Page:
A 2014 biography written by esteemed author, Andrew Cohen, details two days in June 1963 that made US history. Many people have not heard this amazing story about the most iconic modern-day President, John Fitzgerald Kennedy. Although President Kennedy only served just over 1,000 days in the White House over 40,000 books and novels have been written about him.
This biography is different than them all. Author Andrew Cohen details the story of two days in June 1963. On these days President Kennedy delivered the most compelling and important speeches of his presidency, about the two most important issues of the decade: racism and nuclear arms control.
The speech that Kennedy gave on June 10th, 1963 changed America for the better. He asked his fellow Americans to view the Russians as “human beings”. Kennedy goes on to say that he wants peace with the Russians. He says that the Soviets are yearning for peace just as much as Americans. He details peace and calls out the Soviet Premier to discuss a treaty that would end nuclear arms testing. Just 6 weeks after this influential and amazing speech is given at American University, the Limited Nuclear Test Ban Treaty of 1963 is signed. This is the kind of strength that speeches have. Speeches are not just words. They are a call to action.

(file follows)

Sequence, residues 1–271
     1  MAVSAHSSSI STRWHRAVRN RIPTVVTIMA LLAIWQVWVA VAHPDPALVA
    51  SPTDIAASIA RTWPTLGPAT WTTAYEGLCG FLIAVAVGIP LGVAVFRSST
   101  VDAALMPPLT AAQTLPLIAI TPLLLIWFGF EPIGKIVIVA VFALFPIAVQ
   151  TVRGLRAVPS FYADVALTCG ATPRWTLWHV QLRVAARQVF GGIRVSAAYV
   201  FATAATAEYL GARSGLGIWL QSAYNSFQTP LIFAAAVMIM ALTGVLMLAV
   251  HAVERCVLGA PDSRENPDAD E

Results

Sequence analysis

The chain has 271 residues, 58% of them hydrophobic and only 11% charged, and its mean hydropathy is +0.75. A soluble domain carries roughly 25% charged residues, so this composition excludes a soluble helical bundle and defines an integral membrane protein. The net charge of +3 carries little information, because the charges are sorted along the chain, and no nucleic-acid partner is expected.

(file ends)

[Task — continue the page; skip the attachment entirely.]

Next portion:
The speech that the 35th POTUS gave the very next day would have a different impact. Just earlier in the day, Alabama Governor George Wallace attempted to block two African American students to enroll at the University of Alabama for the Class of 1967. Kennedy and his staff became enraged at Wallace. Back in Washington, the decision to address the nation from the most iconic office in the world was floated and discussed. All but one of Kennedy’s advisors had advised him to address the nation that night. The one person was his own brother and Attorney General, Robert Kennedy. Kennedy believed that it was necessary for him to address the nation that night.
His speechwriter, Theodore Sorensen, only had two hours to write the speech. Little did he know that the very speech that he was scrambling to write would make history. Nevertheless, Kennedy addressed the nation that night about race issues. In the speech, Kennedy told the American people that freedom belonged to everyone, regardless of whether they are black, white, Hispanic, or Asian. Kennedy pressed for equality of the races and freedom for all. The speech received praise from civil rights advocate, Martin Luther King jr. King had criticized Kennedy for his inability to discuss the pressing issue. This speech transformed the movement for equality and was called by many as “the most important speech of JFK’s presidency”.
Two Days in June provides phenomenal insight into the extraordinary mind of the 35th POTUS during these pressing 48 hours. These two speeches changed American history for the better. Many say that actions speak louder than words. They are right. However, words lead to action. Without words, there is no action.